TOPEKA — After years of Kansas governors who irritated and angered them, abortion opponents have one they're ready to cheer, and hundreds did just that Friday after Gov. Sam Brownback spoke at a rally on the Statehouse's south steps.
Anti-abortion groups were buoyed by the election of Brownback and a crop of sympathetic Kansas House members in November. They anticipate the passage of proposals to strengthen reporting rules for abortion providers, new restrictions on late-term procedures and a law requiring doctors to obtain parental consent before performing an abortion for a girl under 18.
The state's political shift gave an upbeat cast to the annual events organized by the anti-abortion group Kansans for Life to mark the anniversary of the U.S. Supreme Court's Roe v. Wade decision on abortion. The ruling's 38th anniversary is today.
"It's kind of hard to believe that things are as good as they are. It takes getting used to," Mary Kay Culp, the group's executive director, said after the rally.
Abortion-rights advocates have braced for a raft of anti-abortion legislation without the comfort of having a governor who will veto it, as Democrats Kathleen Sebelius and Mark Parkinson did over the past eight years.
"The anti-choice bills that have been passed across the country are heavily litigated," said Julie Burkhart, founder and executive director of a new abortion-rights group, Trust Women. "We have relied heavily on the judicial system."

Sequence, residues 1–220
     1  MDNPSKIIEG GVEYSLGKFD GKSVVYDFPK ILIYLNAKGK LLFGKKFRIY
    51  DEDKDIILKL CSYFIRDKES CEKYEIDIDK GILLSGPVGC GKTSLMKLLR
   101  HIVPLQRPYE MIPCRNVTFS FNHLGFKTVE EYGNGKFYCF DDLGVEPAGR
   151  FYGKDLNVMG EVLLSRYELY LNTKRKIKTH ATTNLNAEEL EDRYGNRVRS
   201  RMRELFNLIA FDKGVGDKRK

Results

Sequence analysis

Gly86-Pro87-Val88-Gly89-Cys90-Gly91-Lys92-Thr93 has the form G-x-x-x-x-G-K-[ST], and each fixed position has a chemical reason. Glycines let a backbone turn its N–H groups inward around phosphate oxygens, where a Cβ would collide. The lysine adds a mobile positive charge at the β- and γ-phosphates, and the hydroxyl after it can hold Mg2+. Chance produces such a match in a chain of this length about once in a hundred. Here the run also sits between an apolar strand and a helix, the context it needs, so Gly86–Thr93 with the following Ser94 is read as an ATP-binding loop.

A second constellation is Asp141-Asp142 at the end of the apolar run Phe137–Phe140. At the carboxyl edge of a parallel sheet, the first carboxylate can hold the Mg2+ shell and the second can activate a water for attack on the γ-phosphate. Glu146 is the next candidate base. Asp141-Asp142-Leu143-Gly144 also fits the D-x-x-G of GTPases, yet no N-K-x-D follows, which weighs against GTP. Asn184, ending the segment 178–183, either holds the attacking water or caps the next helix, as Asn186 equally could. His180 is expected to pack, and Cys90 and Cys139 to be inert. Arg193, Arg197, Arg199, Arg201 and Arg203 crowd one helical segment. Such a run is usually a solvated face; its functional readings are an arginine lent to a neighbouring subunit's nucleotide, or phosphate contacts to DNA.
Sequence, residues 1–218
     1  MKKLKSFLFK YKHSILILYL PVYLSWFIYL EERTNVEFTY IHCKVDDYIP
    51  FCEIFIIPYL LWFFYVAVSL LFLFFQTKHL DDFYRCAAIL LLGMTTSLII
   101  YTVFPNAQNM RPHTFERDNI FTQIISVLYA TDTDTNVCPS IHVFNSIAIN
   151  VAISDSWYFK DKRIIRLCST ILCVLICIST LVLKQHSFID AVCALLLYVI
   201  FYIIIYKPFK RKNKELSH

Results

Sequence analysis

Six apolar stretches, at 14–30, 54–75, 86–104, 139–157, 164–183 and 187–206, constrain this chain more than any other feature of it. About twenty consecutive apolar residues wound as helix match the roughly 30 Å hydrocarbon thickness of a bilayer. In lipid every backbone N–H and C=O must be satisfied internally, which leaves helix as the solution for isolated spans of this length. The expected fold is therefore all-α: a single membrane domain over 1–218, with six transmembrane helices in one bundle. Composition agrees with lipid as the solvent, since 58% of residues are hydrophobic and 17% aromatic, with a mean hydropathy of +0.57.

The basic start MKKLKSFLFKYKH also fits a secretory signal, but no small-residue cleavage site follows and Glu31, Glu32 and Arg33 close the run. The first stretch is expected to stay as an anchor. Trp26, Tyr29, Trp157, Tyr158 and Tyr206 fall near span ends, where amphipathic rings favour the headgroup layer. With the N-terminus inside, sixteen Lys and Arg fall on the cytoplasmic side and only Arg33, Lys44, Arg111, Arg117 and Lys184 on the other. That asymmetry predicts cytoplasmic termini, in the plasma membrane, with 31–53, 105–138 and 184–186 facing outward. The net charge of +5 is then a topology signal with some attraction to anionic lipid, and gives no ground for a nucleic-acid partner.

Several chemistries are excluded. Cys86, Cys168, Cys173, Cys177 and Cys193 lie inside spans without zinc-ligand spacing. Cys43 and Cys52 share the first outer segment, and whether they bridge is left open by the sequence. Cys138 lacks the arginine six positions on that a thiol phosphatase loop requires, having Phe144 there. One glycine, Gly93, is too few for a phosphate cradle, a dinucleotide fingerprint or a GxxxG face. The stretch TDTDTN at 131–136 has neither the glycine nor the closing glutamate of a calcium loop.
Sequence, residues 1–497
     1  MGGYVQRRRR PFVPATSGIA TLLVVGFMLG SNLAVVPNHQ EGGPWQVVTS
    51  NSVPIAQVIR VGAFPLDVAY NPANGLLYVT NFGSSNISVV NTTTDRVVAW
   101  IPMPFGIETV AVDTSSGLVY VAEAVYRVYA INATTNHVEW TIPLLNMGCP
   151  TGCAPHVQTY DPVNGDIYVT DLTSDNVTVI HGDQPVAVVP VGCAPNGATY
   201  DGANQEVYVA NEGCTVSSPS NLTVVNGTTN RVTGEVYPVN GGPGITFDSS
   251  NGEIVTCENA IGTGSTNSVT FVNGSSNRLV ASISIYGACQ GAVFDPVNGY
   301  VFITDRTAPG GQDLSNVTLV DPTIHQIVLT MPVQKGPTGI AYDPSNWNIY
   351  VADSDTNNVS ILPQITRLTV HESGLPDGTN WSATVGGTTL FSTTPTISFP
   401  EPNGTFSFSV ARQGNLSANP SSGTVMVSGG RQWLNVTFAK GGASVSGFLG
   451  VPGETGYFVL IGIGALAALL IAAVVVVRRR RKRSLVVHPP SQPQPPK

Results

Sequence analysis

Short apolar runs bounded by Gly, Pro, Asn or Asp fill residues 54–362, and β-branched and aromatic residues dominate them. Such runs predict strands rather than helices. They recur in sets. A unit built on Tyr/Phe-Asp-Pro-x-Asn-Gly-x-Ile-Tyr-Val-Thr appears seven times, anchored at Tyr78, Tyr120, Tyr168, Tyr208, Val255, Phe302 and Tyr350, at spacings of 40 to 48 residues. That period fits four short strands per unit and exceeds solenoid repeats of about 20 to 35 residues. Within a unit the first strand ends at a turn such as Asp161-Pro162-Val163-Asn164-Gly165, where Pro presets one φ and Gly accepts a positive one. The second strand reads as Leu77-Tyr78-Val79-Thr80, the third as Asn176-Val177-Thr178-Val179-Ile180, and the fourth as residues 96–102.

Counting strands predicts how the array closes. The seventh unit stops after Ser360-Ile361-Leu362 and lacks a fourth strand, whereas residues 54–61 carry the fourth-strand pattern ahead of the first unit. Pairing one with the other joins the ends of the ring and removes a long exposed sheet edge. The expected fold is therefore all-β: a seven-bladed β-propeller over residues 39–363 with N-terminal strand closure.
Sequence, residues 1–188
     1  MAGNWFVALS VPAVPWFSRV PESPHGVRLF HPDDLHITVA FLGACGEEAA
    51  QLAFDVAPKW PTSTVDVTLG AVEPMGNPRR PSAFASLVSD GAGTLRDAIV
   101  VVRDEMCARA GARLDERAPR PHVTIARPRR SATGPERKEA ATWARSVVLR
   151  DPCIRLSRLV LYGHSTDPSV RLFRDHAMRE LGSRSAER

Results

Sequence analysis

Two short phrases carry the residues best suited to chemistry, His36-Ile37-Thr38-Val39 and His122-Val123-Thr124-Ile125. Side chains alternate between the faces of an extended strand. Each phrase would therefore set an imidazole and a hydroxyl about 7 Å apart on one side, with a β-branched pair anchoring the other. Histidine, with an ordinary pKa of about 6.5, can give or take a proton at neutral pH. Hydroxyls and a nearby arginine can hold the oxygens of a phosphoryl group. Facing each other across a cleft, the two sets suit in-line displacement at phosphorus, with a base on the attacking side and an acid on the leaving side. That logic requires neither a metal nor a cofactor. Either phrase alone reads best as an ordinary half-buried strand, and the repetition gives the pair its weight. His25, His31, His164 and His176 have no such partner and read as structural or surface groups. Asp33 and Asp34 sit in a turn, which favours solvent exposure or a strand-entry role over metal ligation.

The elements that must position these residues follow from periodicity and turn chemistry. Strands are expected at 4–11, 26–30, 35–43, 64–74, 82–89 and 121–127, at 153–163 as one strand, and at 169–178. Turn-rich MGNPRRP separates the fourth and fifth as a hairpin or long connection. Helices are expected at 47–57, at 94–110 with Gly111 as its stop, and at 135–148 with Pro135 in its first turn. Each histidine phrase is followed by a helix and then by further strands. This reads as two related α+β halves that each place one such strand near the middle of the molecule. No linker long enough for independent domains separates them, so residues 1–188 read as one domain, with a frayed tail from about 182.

Abortion-rights supporters also argue that Kansas residents expect Brownback and fellow Republicans who hold large legislative majorities to concentrate on creating jobs and closing a projected $550 million budget shortfall.
State House Minority Leader Paul Davis, D-Lawrence, an abortion-rights supporter, noted that Brownback stressed economic issues during his successful campaign last year.
"I'm not sure the extreme right wing of the Republican Party has gotten that message. They still seem to be so very obsessed with the social issues of the past that I think Kansans are tired of debating and want to see us leave behind," Davis said. "I hope that we will remain focused on economic issues."
But in a State of the State address that concentrated on economic issues, Brownback also called for legislators to create "a culture of life," and a week later, dozens of House members introduced a comprehensive bill.
Brownback told Friday's rally that the anti-abortion movement's essential message is that every person matters. He concluded his remarks with a prayer: "Forgive us as Kansans for the spilling of innocent blood, whether that's Native American or our unborn."
Burkhart said officials should tackle issues such as making sure all Kansas residents have adequate health care and women have access to child care if they work.
"Love and compassion is not shaming women and not vilifying women who have made difficult choices," she said. "Let's stop focusing on pregnant women who at times decide they can't continue a pregnancy."
But Brownback also used his rally speech Friday to encourage abortion foes to reach out to women who've sought or had abortions and to "open our hearts and heal" those women.
"Never forget that this message is one of kindness and hope and compassion," he said. "Tell the truth. Stand for justice. Be of good cheer."